August 31, 2005 - Gili Sherman may never look at a tulip the same way again. Every time she sees the beautiful flower, she is taken back to the architecture, domes, windows and arches of Istanbul, Turkey, and her monthlong tour through a misunderstood country.
Sherman, a Sunrise Drive Elementary School art teacher, and Sam Caruso, a Catalina Foothills High School advanced placement history teacher, who traveled to Australia, were both awarded an all-expense paid journey to foreign lands to soak up the culture and bring back a better understanding of the world.
The trips were sponsored by the Fulbright Program, which was proposed to the U.S. Congress by Sen. J. William Fulbright of Arkansas in 1945 and was signed into law in 1946. The program was viewed by Fulbright as a way, in a post-World War II era, to promote "mutual understanding." Since the program's inception, more than 250,000 participants have been awarded the opportunity to travel abroad.
Sherman was honored when she was selected as a visitor of Turkey, a land of beauty and mystery that many Americans may never get the chance to see, she said.
"It was the most amazing gift," she said.
For a month, Sherman meandered through the cities of Turkey, viewing artwork, entering museums, talking to the people and meeting other teachers much like her.
For Sherman, the trip was "a lesson in empathy," she said.
Turkey is a country of great tolerance and intolerance, she said, a country where similarities are recognized and individuality is lost in translation.
Sherman recalled talking to Turks during her travels. At first, most labeled themselves as Turks. Then, Sherman would peel back the layers and find out that a father was Armenian and another family member was Arab, for example. That's a typical way, Sherman said, that Turks are absorbed in a melting pot of identity.
When at all possible, a Fulbright recipient gets to see the host country's school system close up, and, at times, a resident from the visiting country visits the United States. For the two Catalina Foothills School District teachers, that is not the case. No foreign teachers will be visiting Tucson, Sherman said.
It would have been nice to see more of Turkish schools, she said, but since the trip was in the summer and school is not in session the lessons were limited.
One way Sherman said she chose to illustrate her travels was by sketching. Everywhere she went she took along a sketchbook. She drew the architecture, the people, and the flowers. She wanted to capture it all and bring it back to her family and her students.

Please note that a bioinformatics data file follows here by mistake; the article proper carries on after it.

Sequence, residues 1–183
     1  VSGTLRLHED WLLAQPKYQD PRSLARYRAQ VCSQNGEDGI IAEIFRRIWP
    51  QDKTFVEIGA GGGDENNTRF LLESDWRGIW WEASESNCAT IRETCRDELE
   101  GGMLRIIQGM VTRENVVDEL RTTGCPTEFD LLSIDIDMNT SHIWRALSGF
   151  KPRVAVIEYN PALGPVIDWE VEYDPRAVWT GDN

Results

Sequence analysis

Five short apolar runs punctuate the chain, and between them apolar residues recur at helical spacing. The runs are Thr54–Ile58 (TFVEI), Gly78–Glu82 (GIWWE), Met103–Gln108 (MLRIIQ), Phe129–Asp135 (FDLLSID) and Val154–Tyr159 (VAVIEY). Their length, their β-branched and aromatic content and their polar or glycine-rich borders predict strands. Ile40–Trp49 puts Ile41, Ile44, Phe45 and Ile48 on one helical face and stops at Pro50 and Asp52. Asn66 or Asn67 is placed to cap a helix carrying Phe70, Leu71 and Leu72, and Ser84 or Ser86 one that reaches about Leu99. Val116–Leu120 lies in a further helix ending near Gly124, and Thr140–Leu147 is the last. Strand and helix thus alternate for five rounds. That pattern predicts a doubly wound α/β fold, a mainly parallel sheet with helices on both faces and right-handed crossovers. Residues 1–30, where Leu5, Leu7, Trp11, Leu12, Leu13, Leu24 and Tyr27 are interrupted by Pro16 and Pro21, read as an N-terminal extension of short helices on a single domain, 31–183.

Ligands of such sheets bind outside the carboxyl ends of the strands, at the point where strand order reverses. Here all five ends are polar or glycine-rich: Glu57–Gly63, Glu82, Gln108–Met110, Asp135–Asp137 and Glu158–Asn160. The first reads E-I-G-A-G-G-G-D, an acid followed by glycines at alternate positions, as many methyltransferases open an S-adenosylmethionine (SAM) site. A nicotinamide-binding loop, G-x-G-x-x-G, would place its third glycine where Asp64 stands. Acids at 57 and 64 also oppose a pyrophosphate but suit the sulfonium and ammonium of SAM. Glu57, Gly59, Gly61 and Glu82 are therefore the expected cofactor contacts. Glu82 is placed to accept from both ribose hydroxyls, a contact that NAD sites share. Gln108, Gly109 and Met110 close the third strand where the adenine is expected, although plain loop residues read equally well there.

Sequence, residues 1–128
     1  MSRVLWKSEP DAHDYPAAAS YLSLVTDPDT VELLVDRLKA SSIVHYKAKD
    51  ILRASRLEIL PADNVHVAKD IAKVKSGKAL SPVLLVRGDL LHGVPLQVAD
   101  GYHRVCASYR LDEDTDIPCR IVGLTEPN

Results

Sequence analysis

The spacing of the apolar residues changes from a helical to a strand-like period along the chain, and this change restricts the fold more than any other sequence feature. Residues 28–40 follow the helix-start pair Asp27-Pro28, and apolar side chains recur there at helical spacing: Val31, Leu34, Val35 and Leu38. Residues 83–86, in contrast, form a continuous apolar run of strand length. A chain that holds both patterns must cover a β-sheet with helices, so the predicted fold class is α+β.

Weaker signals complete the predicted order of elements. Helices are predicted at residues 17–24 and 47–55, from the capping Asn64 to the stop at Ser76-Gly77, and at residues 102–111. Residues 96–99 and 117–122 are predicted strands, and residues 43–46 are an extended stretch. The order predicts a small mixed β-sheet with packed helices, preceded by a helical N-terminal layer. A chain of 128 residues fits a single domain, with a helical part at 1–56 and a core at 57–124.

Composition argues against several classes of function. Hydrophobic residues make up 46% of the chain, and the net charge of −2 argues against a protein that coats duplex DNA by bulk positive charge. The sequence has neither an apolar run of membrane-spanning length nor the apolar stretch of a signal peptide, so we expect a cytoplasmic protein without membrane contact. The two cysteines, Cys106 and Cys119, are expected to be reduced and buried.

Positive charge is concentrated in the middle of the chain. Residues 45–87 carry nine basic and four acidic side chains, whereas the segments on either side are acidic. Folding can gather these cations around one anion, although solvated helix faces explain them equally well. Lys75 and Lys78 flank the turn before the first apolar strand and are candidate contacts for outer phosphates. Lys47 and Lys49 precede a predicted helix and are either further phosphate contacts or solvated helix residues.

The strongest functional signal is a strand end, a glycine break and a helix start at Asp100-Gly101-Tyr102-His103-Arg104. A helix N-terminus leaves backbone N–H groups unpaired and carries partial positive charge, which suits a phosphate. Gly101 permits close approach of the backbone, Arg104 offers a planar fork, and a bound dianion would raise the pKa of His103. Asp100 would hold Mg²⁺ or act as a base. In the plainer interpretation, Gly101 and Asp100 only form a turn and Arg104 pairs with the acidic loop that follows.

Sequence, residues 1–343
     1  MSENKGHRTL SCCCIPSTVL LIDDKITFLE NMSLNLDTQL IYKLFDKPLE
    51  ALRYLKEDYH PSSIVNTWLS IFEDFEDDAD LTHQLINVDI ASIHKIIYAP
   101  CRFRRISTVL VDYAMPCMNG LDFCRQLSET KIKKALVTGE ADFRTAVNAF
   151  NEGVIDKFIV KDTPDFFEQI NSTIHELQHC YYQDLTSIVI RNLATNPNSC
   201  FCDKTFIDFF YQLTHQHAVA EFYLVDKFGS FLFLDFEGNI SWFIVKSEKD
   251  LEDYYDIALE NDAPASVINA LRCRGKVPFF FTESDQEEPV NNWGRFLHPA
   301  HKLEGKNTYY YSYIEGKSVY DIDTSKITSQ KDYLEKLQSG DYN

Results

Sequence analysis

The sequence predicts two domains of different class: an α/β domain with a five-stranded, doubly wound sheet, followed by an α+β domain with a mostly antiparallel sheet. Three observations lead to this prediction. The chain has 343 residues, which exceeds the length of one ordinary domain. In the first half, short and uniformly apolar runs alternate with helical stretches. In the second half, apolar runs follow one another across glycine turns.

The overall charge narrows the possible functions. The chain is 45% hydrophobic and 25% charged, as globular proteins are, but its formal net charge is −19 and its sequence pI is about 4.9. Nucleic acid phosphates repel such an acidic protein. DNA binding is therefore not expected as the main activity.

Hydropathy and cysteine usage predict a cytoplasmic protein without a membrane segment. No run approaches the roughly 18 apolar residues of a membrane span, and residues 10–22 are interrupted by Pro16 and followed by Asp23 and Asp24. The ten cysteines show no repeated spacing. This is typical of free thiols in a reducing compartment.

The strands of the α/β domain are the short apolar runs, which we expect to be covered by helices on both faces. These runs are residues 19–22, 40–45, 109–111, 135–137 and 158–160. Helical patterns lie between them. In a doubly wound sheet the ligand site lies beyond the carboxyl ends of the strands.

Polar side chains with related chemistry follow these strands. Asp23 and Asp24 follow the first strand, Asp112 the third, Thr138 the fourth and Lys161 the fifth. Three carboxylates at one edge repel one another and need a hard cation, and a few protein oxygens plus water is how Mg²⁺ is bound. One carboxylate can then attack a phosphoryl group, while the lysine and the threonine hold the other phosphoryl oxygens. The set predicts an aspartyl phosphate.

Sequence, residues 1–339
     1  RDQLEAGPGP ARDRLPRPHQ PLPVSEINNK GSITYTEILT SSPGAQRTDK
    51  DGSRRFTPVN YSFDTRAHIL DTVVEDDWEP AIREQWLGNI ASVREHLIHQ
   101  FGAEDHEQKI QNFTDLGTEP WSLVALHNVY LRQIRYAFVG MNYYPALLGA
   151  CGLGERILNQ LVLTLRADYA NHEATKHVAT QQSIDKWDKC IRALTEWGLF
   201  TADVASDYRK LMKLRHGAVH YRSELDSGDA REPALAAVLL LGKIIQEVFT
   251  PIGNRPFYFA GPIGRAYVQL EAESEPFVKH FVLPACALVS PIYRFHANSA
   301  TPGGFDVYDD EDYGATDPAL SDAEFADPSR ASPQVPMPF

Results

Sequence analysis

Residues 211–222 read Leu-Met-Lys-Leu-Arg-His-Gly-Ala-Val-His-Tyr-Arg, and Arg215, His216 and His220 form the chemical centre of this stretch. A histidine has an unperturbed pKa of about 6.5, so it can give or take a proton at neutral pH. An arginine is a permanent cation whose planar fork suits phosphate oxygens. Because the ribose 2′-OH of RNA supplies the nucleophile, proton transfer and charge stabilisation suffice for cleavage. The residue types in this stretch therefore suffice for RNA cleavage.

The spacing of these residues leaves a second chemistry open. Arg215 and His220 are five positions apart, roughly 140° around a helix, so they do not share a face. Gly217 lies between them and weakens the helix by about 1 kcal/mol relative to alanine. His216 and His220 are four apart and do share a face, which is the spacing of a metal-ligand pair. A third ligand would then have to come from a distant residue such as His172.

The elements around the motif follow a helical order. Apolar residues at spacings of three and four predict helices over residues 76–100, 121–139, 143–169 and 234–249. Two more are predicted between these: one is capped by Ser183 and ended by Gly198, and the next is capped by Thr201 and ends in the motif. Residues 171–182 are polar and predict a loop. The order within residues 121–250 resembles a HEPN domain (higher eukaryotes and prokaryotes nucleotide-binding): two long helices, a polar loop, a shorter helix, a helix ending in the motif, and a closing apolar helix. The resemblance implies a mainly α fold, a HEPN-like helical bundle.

She was always keeping her eyes open, she said.
Sherman has adapted her lesson plans for the new school year to reflect her travels to Turkey. She is having students sketch places where they have traveled.
A section of her classroom is dedicated to Turkey. A flag hangs on the wall, and there's a large map on which she points out to her students where she spent her summer vacation. There also are photos and paintings from Turkey, a world so far away and yet present in this Foothills classroom.
Caruso, an advanced placement European history and American history teacher at the high school, is bringing his Fulbright experience into his classroom as well.
"It was a terrific trip," Caruso said. "They treated us like royalty."
The us Caruso is referring to are the 16 other traveling professors, teachers and scholars who made the trek into the Outback with Caruso.
The trip, as well as $250 in books to bring back to the classroom, was paid for by the Fulbright Program, he said.
"I was really fortunate," he said.
For a month, Caruso traveled throughout Australia learning about the aboriginal people and the culture of the continent.
A seasoned traveler, Caruso enjoyed the museums, cultural centers, crocodile spotting, and sunset watching. It was a way to view Australia and Tucson all at the same time.
Caruso said he firmly believes that traveling creates a deeper connection with and understanding of a person's hometown surroundings. Watching sunsets in Australia over the mountains, Caruso uncovered a fondness for the Santa Catalina Mountains and their beauty, a beauty that may be taken for granted most days, he said.
It was the "trip of a lifetime," he said.
There is not much of a difference between Australian schools and American schools, said Caruso, who has been teaching at the high school for 10 years. The main difference lies in the testing, he said. There is no SAT test for the Aussies, he said, and technical schools at the high school level are encouraged, offering a more specialized training than regular high school coursework.
While the schooling may be slightly different in Australia, Caruso realizes many of his Foothills students cannot travel as easily as he can, so he is bringing the country to them.
"I talk about travel all the time in my classes," he said.
And it is that knowledge of other cultures and societies that the high school's Principal Wagner Van Vlack said makes Caruso a well-liked educator.
Van Vlack wrote Caruso a letter of recommendation for the Fulbright Program and said he was pleased when he was chosen for the trip.
He is "a good man," he said.
With the school year underway and students back in their classrooms, Caruso and Sherman are challenged with creating a curriculum that uses the information they received through their travels.
Caruso plans to focus on aboriginal societal structure and how it relates to American Indian history, he said. Sherman plans to adapt a curriculum about the tulip and talk about how it relates to Turkish architecture.
Any Fulbright Program participant who wants to incorporate lessons from an overseas experience into coursework in a school back home can request an award of additional funding from the Fulbright Program for books.
But as Sherman put it, she already won. She traveled for a month in Turkey, met wonderful people and had a "humanistic" experience, she said.
"I grew," she said.